Critical Reasoning: Argument Structure - Tricky Arguments: When You Can’t Identify Premises & Conclusions Easily

{color:red}**(1)** A new law in Country X prohibits smoking in restaurants whose area is less than 300 square feet.{/color} {color:dark-blue}**(2)** The owner of Planet Pluto, a 250-square-foot restaurant with a mostly smoking clientele, plans to close the restaurant.{/color} The argument's {color:light-blue}**conclusion**{/color} appears in which sentence(s)?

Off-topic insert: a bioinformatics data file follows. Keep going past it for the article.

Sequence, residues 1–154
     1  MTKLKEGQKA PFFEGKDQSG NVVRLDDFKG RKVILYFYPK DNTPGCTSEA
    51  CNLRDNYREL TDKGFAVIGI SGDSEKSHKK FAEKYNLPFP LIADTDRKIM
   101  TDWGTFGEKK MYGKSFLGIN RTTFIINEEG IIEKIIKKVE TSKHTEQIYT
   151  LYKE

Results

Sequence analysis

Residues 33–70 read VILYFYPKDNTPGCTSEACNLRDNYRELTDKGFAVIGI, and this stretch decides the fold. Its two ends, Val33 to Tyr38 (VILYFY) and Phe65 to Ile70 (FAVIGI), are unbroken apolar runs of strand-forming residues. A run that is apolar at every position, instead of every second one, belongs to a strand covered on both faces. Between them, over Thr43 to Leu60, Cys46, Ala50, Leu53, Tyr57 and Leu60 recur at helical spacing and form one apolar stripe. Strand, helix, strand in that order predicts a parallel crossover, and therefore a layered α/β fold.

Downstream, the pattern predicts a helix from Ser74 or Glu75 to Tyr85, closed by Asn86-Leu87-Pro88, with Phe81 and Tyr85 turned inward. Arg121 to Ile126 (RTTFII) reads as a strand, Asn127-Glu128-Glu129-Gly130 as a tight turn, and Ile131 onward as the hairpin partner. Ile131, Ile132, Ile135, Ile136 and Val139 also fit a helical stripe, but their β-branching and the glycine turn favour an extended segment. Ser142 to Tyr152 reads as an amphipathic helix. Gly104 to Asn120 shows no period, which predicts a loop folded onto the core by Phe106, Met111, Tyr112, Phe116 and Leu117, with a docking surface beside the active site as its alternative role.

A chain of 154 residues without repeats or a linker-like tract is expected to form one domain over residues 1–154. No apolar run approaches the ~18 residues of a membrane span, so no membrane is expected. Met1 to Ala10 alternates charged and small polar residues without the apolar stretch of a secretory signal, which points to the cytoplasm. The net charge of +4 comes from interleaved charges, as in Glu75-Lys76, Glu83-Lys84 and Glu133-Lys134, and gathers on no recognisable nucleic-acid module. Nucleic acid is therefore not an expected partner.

Well done! Sentence 1 is a {color:light-green}**premise**{/color}. The new law is a fact, a reality. The restaurant owner's plan, on the other hand, is a {color:light-blue}**conclusion**{/color} the owner drew on the basis of the new law.

Sentence 1 is a premise. The new law is a fact, a reality.

That's not correct. While there are arguments that consist of {color:light-green}**premises**{/color} only, without a {color:light-blue}**conclusion**{/color}, this is not one of them. At least one of these sentences includes a {color:light-blue}**conclusion**{/color}.
Sentence 1
Sentence 2
Neither; both sentences are premises.
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